Monthly Archives: February 2011

Dependency Integration: Promiscuous vs. Reluctant

When you’re really doing Continuous Integration, what strategy should you choose for dealing with dependencies? Should you aggressively pull in changes to that library that the guys in the ivory tower make you use? Or should you wait until there’s a compelling need?

Your hand may be forced by your tooling. If you’re checking in your binary dependencies into your codebase, it may be too painful to get updates frequently. If you’re using a build system built around a dependency manager, you might opt to get the latest, shiniest libraries.

You and your team should make a conscious, strategic choice however: The promiscuous strategy will lead to more integration work, in batches. On the flip side, you’ll never be left wading through updates when there is a compelling need to upgrade through many versions of a library. Proponents of this approach might argue that the batch size on this type of change should be kept small, to minimise risk.

If you’re reluctant to take changes, you’ll experience less integration pain on the project. It’ll be your choice when you update. Proponents of the reluctant approach would argue that they are delivering value, and not wasting development capacity on work that doesn’t deliver business benefits.

Whichever approach you choose: make sure it’s an informed choice.


Links for 2011-02-14

Here’s Monday’s links from My Twitter Stream.

Dan North on the evolution of Continuous Integration

Dan North:

In the Old Days […], the Integration in Continuous Integration just meant ensuring all your code modules worked together. Nowadays it means ensuring all the parts of your deployed stack play nice together, so regular rebuilds and information radiators are a great way to verify all the bits you don’t think about still work. It’s like taking your apps to the gym.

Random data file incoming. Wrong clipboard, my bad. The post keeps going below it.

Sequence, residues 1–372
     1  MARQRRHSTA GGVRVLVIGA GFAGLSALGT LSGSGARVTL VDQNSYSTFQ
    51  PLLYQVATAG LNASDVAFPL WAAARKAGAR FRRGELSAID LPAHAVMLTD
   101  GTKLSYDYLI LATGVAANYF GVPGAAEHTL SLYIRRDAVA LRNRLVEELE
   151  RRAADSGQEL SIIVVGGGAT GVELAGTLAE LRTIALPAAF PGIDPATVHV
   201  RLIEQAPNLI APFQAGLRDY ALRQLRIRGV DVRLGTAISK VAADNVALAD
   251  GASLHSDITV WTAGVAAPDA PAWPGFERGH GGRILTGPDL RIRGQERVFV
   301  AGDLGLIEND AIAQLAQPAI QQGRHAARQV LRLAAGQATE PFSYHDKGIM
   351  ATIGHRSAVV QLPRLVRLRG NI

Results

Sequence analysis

Silos, silos, everywhere

Now these types of efforts [ … ] are traditionally located in the marketing department. But in high tech, marketing is too ignorant to drive the bus. What appears to the generalist to be a a simple change may in fact cut across some fundamental technology boundary in a radically in-appropriate way. Or conversely, what looks impossible to achieve may in fact be a by-product of a minor adjustment. In either case, engineering must be a direct partner in the effort, or it is is wasted.

Crossing the Chasm, Geoffrey A. Moore

(Thanks to @jtf for the recommendation)

WebDriver: now at Sauce Labs

WebDriver now runs against Sauce Labs‘ testing service – using many different browsers.  And you can pay by the hour.  This is awesome:

  • Selenium was a huge leap forward in web testing.
  • Sauce Labs has been allowing people to run Selenium tests against any browser and operating systems.
  • Selenium2 (WebDriver) is another great leap forward.
  • Now their Sauce OnDemand product works with WebDriver.
  • Someone else deals with Internet Explorer 6.

If you’re used to running IT in a small company, you might wonder that the fuss is; surely you roll out some desktop or VM machines, and get on with your testing?  I was recently talking to someone who had worked at a large North American bank: they had a Service Level Agreement to provide virtual machines six weeks after they were requested.  I shit you not.

I’ve been testing the service with Cucumber and WebDriver, and it’s been really useful.  My tests took on a new level of usefulness when everything had to connect to a real hostname, and not localhost.  It’s helped flushed out network related bugs in my code.

They’re quite pleased about it:

Obviously we’re big believers in Selenium.  As you might imagine, given that we offer Selenium as a cloud service, we’ve had a fair amount of exposure to the issues that motivated the creation of Selenium 2.  So we sought to offer Selenium 2 in our service at the earliest responsible date that would support production usage.  Three months ago we quietly introduced Selenium 2 in our production service.  We instantly had literally 100s of customers using its Selenium 1 compatibility mode.  Since then we’ve steadily ratcheted up the number of Selenium 2 users in private beta and today are excited to throw the doors open to the public to use Selenium 2 in the cloud for the first time.

(John Dunham, co-founder and CEO)

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